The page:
The most popular of UTR's parodies by far is titled "This is Dildoween,"a re-dubbed version of the opening tune of The Nightmare Before Christmas. In the UTR version the denizens of Halloween Town are caricatures of Latin American immigrants, Hollywood producers, and college professors melodically explaining their promotion of a medley of different alt-right fears that include increasing immigration, "cultural marxism," and sexual liberation.

A few of UTR's videos take this generalist approach, but many are more specific. One prominent target is the conservative magazine National Review, which comes under fire by UTR (and others on the alt-right) for not openly espousing, among other things, white nationalism, or white identarianism, or whatever their preferred nomenclature is. The video is titled "The National Review" and is set to the tune of "The Bells of Notre Dame."

Other specific targets of scorn are the BlackLivesMatter movement, Latin American immigrants, and refugees in Europe. Jews, a frequent target of the alt-right, are hit specifically in UTR's "Oy Vey!" an alteration of "Heigh-Ho," from Snow White and the Seven Dwarves. It's a portrayal of Jews as usurious bankers that would feel at home in the pages of The Protocols of the Elders of Zion:

Despite this, when I asked UTR if any of his views were unusual within his community, he described himself as "more moderate on the Jewish Question" than others. What that means to him is "Jews need to choose between emigrating to Israel and assimilating into gentile society, but beyond that I don’t feel any particular hostility towards Jews as a whole." UTR delineates his role as "making memes, not writing political treatises" and as such is more focused on "being funny and relevant than expressing my ideas as accurately as possible."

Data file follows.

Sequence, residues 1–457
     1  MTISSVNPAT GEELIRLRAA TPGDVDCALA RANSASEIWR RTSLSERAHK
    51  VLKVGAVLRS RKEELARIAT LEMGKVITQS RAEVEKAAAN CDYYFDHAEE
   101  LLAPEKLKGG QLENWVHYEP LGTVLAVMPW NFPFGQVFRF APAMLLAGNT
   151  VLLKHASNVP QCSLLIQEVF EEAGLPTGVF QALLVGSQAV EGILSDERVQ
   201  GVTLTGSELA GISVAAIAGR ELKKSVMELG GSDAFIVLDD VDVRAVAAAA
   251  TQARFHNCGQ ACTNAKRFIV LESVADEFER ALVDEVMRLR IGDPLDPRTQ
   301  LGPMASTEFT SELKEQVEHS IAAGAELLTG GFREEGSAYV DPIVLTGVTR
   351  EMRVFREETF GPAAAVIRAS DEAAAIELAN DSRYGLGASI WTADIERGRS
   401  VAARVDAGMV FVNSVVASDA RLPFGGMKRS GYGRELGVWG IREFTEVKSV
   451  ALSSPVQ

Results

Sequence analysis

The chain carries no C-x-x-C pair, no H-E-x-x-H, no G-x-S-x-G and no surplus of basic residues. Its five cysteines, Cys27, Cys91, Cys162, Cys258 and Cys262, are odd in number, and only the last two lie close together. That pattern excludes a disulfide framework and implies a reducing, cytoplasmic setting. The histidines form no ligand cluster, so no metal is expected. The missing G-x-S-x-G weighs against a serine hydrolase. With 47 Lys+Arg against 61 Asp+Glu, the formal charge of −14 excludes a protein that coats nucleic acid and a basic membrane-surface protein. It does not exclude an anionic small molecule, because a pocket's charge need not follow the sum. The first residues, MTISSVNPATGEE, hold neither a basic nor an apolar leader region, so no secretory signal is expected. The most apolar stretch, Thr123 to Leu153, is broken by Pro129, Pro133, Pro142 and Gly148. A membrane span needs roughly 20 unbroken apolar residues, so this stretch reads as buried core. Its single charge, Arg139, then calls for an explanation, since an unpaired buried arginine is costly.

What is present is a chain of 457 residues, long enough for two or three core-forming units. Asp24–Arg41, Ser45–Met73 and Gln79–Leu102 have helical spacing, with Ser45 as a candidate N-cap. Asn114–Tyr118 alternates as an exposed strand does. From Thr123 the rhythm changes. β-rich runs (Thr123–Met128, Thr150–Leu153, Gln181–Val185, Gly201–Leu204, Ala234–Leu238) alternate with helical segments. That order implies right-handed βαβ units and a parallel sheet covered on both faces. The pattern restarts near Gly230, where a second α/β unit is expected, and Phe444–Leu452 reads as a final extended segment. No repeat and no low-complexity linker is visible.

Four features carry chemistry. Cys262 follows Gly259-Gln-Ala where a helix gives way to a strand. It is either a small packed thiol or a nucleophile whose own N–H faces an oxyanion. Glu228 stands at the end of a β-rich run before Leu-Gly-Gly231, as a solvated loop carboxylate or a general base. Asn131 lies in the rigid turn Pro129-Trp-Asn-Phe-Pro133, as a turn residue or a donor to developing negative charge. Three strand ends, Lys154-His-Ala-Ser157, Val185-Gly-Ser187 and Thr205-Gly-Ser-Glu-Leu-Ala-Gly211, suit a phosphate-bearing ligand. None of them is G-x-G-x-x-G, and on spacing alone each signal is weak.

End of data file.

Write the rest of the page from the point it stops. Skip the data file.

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The choice to start with Disney songs began on a whim, when he made "Friends on the Alt Right," a takeoff of The Princess and the Frog's "Friends on the Other Side." That song, it's worth noting, is sung by a character who's a black man voiced by Keith David. In fact, several of UTR's videos put white nationalist talking points in the mouths of characters who are people of color. But UTR says he likes Disney because he "grew up with it," and he's seen the tactic work before:

it has a lot of emotional currency for Millennials. Most people of my generation love Disney songs, remember all the characters and voices, etc., so I feel it makes an effective basis for propaganda. I was also inspired by a series of similar videos done by the Gamergate movement in 2013, which had a generally higher production value than my videos, but in my opinion shoddier lyrics.

UTR describes his audience as "ideologically diverse," though what that he means by that isn't intuitive. "Some are hardcore National Socialist types," he writes, while others "are basic bitch conservatives who just like the edgy humor of my videos as a guilty pleasure. Most are like me and somewhere in the middle." Unsurprisingly, "[t]hey’re overwhelmingly male, and mostly young."